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Prices Concern Farmers and Ag Lenders; Sec. Perdue Comments on NAFTA; Spring Weather Causes Havoc

Today’s update looks briefly at the U.S. agricultural economy from a variety of perspectives.  A recent news report has shown that some Corn Belt producers may be losing money from farming this year, while a survey of agricultural lenders this month demonstrates that many are concerned about commodity prices, liquidity and farm income.  Secretary of Agriculture Sonny Perdue has stated that U.S. farmers won’t be worse off if NAFTA is renegotiated, and adverse weather conditions continue to adversely impact farmers and ranchers in the Nation’s midsection.

Corn Belt Farmers- Breakeven Prices, NAFTA Issues

expects to lose money farming this year — and so will most U.S. farmers.

“Farmers across the Corn Belt have kicked off another growing season, investing billions of dollars in seed and fertilizer despite U.S. Department of Agriculture forecasts that net U.S. farm income will decline this year by nearly 9 percent, to $62.3 billion. That would be the lowest since 2002, adjusted for inflation, and would be the fourth year of declines after income figures hit a record high in 2013.

“Meanwhile, the median income for farmers will be negative, the USDA projects, at a loss of about $1,400. That doesn’t mean farm families have no income; median household income for farmers is projected at nearly $80,000 in 2017, but the money comes from off-farm work.”
The World-Herald article explained that, “Early-season optimism for a profit is waning with planting now underway, Iowa State University economist Chad Hart told The World-Herald. He said demand for agricultural products — grain, the livestock that eats the grain and the fuel made from it — is high in the United States and abroad, but huge supplies are keeping prices low.

To break even this year, Hart said farmers would need between $3.60 and $3.70 a bushel on corn, and $9.60 to $9.70 on soybeans. The Nebraska Corn Growers Association put the break-even price on corn even higher, at up to $4.25 a bushel for some growers.

‘Cash prices today, we’re below those levels,’ Hart said.

Ms. Soderlin added that, “Ag bankers have been refinancing old loans, raising interest rates and extending loan maturity periods because of farmers’ reduced capacity to pay back what they owe.”

And with respect to trade and farmer’s financial picture, Saturday’s article noted that, “In the face of low prices, Kelly Brunkhorst, executive director of the Nebraska Corn Growers Association and the Nebraska Corn Board, said the industry is working to expand markets for corn. An upcoming visit to Nebraska from a Mexican trade team underscores the importance of that market, even as President Donald Trump waffles about withdrawing from or renegotiating the North American Free Trade Agreement.”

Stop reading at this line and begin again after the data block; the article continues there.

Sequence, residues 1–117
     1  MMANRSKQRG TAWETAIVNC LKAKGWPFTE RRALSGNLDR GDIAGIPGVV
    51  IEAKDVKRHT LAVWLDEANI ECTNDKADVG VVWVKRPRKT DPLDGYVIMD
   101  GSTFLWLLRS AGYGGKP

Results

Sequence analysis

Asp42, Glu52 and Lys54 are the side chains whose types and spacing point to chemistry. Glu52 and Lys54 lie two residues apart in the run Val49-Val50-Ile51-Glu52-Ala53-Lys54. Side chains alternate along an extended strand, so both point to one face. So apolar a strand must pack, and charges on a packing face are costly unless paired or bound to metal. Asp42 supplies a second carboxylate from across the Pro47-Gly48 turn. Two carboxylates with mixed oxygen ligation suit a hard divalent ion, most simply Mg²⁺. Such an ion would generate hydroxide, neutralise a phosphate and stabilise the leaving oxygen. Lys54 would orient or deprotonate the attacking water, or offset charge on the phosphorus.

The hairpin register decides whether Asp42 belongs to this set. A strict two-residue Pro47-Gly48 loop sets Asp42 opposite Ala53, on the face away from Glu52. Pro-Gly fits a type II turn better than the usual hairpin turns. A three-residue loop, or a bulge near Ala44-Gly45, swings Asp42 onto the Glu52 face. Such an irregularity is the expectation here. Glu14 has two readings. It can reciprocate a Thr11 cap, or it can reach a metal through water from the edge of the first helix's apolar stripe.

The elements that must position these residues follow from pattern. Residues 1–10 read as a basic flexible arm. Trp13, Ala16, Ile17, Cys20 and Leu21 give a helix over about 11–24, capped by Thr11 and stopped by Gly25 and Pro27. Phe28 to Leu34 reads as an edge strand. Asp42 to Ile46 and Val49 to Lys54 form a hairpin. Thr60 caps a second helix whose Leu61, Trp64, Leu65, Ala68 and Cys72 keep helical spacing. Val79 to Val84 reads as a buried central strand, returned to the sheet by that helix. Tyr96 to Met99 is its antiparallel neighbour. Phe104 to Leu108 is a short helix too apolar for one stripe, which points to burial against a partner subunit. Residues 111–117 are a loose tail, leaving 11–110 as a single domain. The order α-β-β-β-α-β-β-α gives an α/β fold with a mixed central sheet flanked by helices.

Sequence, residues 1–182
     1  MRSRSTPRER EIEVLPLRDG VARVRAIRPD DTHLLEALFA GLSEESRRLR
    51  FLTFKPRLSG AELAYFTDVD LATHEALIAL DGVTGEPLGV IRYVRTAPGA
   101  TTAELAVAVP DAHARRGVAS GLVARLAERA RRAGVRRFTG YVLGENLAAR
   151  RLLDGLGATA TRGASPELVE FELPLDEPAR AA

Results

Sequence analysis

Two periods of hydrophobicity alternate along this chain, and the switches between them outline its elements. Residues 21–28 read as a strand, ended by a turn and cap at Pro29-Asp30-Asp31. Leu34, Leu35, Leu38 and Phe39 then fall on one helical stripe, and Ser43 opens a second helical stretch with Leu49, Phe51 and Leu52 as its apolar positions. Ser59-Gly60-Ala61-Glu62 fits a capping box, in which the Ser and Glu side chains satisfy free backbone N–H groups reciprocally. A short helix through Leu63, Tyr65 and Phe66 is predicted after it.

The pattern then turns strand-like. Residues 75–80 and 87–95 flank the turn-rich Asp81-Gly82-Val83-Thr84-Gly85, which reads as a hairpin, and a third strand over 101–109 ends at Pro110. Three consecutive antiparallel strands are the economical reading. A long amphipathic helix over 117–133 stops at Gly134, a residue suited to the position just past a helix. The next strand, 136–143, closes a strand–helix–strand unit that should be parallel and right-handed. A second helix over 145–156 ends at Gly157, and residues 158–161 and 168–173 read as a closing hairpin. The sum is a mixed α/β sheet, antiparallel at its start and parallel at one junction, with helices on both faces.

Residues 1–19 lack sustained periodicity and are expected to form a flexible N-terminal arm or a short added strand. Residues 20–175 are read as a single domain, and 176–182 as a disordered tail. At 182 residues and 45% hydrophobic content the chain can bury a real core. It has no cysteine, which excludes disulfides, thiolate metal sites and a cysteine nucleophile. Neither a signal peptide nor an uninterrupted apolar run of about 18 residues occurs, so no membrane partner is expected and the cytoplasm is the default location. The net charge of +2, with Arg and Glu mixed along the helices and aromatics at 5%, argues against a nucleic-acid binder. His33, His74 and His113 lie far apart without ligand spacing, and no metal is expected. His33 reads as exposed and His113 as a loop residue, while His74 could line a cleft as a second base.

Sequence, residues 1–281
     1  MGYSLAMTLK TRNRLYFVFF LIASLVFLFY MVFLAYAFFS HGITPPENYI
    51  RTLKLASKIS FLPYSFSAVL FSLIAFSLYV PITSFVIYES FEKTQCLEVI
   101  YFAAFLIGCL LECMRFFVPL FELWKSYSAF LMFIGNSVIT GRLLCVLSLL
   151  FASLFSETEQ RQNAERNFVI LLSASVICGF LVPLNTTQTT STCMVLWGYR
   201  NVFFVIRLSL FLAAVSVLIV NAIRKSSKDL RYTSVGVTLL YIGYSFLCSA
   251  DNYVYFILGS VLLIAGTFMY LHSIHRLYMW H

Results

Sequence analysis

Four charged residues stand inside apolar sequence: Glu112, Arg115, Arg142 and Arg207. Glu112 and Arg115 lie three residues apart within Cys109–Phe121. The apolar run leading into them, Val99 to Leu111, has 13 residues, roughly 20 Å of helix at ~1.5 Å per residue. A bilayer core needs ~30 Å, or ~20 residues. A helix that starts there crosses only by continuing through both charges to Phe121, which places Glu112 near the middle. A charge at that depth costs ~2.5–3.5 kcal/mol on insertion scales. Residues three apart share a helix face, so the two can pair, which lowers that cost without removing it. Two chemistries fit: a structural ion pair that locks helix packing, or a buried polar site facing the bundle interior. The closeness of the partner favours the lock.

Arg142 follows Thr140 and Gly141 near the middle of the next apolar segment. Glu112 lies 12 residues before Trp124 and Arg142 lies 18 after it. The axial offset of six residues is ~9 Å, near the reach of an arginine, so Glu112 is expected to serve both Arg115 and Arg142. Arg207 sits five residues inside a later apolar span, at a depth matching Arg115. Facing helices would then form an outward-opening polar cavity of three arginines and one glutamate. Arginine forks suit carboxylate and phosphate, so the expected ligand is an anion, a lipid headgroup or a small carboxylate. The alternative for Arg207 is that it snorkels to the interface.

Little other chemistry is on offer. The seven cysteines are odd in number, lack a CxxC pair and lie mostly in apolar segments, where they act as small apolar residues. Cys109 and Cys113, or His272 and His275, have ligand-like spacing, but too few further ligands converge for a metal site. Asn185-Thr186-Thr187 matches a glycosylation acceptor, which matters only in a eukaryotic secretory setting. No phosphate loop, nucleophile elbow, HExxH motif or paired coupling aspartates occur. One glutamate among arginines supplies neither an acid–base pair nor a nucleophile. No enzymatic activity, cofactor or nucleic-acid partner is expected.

More specifically with respect to NAFTA and agriculture, Jacob Bunge reported yesterday at The Wall Street Journal Online that, “U.S. farmers and ranchers won’t be worse off after the Trump administration renegotiates the North American Free Trade Agreement, Agriculture Secretary Sonny Perdue says.”

“‘I can assure you that neither this president, nor [Commerce Secretary Wilbur] Ross nor I, are going to negotiate or accept a worse deal than we have it now,’ Mr. Perdue said. ‘Our goal is to make it better for all producers.'”

Mr. Bunge also indicated that, “The farm sector has watched for signs that Mexico and Canada are preparing to reduce their reliance on U.S. farm products in case fresh negotiations significantly change the terms of trade.

“‘We know Mexican authorities have prepared for that,’ said Soren Schroder, chief executive of Bunge Ltd. , one of the largest grain-trading companies. ‘They can act tomorrow if something happened, and the loser for sure would be the U.S. farmer.’

Ron Moore, an Illinois farmer and president of the American Soybean Association, said farmers were open to ‘modernizing’ Nafta. But if the U.S. withdrew completely, ‘I think it would be difficult to negotiate anything better than we currently have,’ he said.”

Perspective from Agricultural Lenders

In an article in Tuesday’s Des Moines Register, Donnelle Eller reported that, “Nearly 90 percent of U.S. agricultural lenders have seen an overall decline in farm profitability in the last 12 months, according to a survey by the American Bankers Association and the Federal Agricultural Mortgage Corp., referred to as Farmer Mac.